"Considering the dearth of good solo tuba recordings in recent years Carl Ludwig Hübsch would be in a field of his own even if he didn`t try to be different. DER ERSTE BERICHT ("the first report") acknowledges the inevitable novelty charge with a Cover of Kashmir-we don`t get many Led Zeppelin covers in these pages either but what persists is Hubsch`s control, and, yes, poetry with an instrument that, for jazz, was long relegated to huffing in the end zone, Creating overtones by singing through his horn, he extends his instrument the way Albert Mangelsdorff stretched the trombone, while his drumming on the side of the instrument in M5 and Ross 780 adds a third party. Away from those extensions, he has astounding control of his instrument`s softer range, as the reverie of Groombridge 34 affirms so handsomely. -Coda Magazine July 2000"

Gino Robair is a percussionist, music journalist, and published composer living in the San Francisco Bay Area. Gino frequently tours North America and Europe as a soloist and often improvises in ad-hoc groups. He has performed and/or recorded with Anthony Braxton, Tom Waits, John Butcher, LaDonna Smith, Otomo Yoshihide, Eugene Chadbourne, John Zorn, Nina Hagen, Thinking Fellers Union Local 282, Myra Melford, ROVA Saxophone Quartet, The Club Foot Orchestra, and he is a founding member of the Splatter Trio.

Gino Robair ...holds the listener captive as he oscillates between the accidental and the intentional; between the tiniest, most delicate noise and a torrential outpouring of sound." -San Francisco Bay Guardian

"Robair is an enormously talented percussionist, with a thorough-going musicality and an instinct for the unexpected." -The Penguin Guide to Jazz on CD

"Robair has taken the notion of open-ended improv to its logical endgame; milking maximum-impact rhythms from the most unlikely sources." -Jazziz

The Second Annual Bay Area
JazzPoetry Festival
Saturday, April 26th 2008

The Berkeley Hillside Club pleased once again to host the Second Annual Bay Area JazzPoetry Festival. As only the great Count Basie could put it: "Let's try it one more once!" he called out at the end of his classic "April in Paris." April in Berkeley will once again be filled with jazz and poetry. Building on the enthusiastic crowd response to its 2007 debut, the Second Annual Bay Area JazzPoetry Festival returns to celebrate April's intersection of Jazz Appreciation Month and National Poetry Month. "The mix of spoken word with the soundscape of music was incredible. It was like painting on a canvas with emotion-colored paints. Strikingly beautiful." (from an attendee at the First Annual Bay Area JazzPoetry Festival.) The Festival continues its mission of presenting jazz and poetry collaborations from both New York and the Bay Area.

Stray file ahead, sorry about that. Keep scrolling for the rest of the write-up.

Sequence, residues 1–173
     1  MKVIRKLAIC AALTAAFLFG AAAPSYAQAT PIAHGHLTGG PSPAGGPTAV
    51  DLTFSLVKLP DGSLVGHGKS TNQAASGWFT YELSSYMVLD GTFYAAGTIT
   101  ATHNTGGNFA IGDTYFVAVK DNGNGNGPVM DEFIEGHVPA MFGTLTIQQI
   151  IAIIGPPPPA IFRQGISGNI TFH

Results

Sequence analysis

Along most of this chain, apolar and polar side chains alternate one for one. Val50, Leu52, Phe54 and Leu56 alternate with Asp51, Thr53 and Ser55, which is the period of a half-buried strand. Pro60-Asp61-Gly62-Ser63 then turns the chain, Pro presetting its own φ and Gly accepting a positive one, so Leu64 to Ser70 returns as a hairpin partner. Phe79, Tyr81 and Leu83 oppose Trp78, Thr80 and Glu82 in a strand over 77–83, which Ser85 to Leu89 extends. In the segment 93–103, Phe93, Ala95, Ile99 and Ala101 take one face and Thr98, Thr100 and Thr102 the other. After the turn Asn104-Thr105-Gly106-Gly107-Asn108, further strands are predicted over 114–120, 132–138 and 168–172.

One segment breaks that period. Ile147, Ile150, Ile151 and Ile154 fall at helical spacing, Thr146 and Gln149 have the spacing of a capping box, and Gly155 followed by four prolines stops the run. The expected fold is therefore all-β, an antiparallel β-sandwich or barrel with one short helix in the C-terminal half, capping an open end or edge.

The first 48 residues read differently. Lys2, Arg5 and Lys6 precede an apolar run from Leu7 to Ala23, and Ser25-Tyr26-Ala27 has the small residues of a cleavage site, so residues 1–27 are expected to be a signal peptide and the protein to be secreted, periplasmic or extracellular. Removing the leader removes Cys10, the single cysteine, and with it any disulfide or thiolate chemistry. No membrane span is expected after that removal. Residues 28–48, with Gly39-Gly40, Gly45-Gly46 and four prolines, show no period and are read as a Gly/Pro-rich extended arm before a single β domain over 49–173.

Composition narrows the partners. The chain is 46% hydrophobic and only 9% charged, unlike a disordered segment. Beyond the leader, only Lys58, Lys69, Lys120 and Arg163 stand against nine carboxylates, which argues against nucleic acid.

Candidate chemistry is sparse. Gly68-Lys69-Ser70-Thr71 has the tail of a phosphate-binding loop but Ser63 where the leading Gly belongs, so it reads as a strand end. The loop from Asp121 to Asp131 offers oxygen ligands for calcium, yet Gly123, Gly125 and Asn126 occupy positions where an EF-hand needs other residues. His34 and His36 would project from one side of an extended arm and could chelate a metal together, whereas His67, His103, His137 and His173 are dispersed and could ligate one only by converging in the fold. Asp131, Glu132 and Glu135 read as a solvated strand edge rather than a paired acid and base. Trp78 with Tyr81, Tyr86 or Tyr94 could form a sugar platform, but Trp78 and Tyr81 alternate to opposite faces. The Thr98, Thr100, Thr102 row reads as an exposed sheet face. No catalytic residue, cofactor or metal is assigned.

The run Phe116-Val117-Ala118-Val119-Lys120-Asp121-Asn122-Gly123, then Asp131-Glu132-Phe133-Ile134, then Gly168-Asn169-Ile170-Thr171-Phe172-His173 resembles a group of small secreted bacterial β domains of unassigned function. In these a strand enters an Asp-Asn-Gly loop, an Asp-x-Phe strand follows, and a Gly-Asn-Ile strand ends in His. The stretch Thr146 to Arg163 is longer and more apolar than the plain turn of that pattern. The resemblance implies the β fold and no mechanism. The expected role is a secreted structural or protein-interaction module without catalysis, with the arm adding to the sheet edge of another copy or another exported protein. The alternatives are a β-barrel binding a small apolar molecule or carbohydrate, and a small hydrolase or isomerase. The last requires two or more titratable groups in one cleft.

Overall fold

This Year's Featured Artists:

The New York based Jessica Jones Quartet featuring poet Arisa White. Berkeley High "jazz factory" alums Jessica Jones and Tony Jones, are perhaps the only avant-garde, tenor-sax playing husband-and-wife tandem in jazz. Their 15-year track record revolves around experimental composition, freer forms and collective improvisation.

Singer-poet Lisa B (Lisa Bernstein) and Her Trio. Mentored by saxophonist Jackie McLean, Lisa B grew up in NY and California. With two poetry books authored and three CDs released "daring, dexterous singer, songwriter, and poet Lisa B...appeals to both traditional and contemporary jazz tastes and even...hip-hop hipsters." (Philadelphia Daily News)

Yancie Taylor Quartet featuring poet Julian Carroll. A genuine Bay Area treasure and acclaimed vibraphonist, Yancie has entertained audiences at numerous clubs and festivals with jazz giants such as Pharaoh Sanders and John Handy. Whether he's performing here or in Tokyo, France, Holland, or Germany, Yancie spreads the truth of his motto: "Love, Peace, and JAZZ GREASE!"

Berkeley-born, Oakland-based jazzpoetry group, UpSurge! is "an ensemble that earns its exclamation point with dynamic performances that capture the soul, humor and off-the-cuff inventiveness of a cascading saxophone solo." (Andrew Gilbert, Contra Costa Times)


This event is supported by Poets & Writers, Inc. through a grant it has received from the James Irvine Foundation.

The Festival also appreciates support from Poetry Flash, KPFA, KCSM, KALW, KPOO, Cafe de la Paz, Berkeley Public Library, Berkeley City Councilmembers Max Anderson, Kriss Worthington, and Laurie Capitelli, Jazz Appreciation Month (JAM) and National Poetry Month.

For more info: www.upsurgejazz.com/newsletter.

John Blakelock

César Cancino, Kathyrn Miller

Anna Pressler, Graeme Jennings, Leighton Fong

Spotlight on Local Composers
New Works by John Blakelock
Friday, April 18th 2008

The Berkeley Hillside Club is proud to present a new feature in our Concert Series. Recognizing that the Bay Area is a hotbed of new musical creativity, both in academic programs and on the part of talented individuals, we have decided to shine a spotlight on the work some of these wonderful local artists. The first of what we hope will become a regular part of our Concer Series features the world premieres of four new works by composer John Blakelock. Come join us for a remarkable evening of new music performed by stellar artists in our acoustically-wonderful hall.

The Program:

The Burning Barn - piano solo
Cesar Concino - piano

The World is Charged - four settings of poems by Gerard Manley Hopkins for mezzo-soprano and piano
Kathryn Miller - mezzo-soprano
Cesar Concino - piano

Piano Sonata No. 2
Scott Hawkins - piano

To My Father's Father
Poem and String Trio
Anna Pressler - violin
Graeme Jennings - viola
Leighton Fong - cello

The Artists: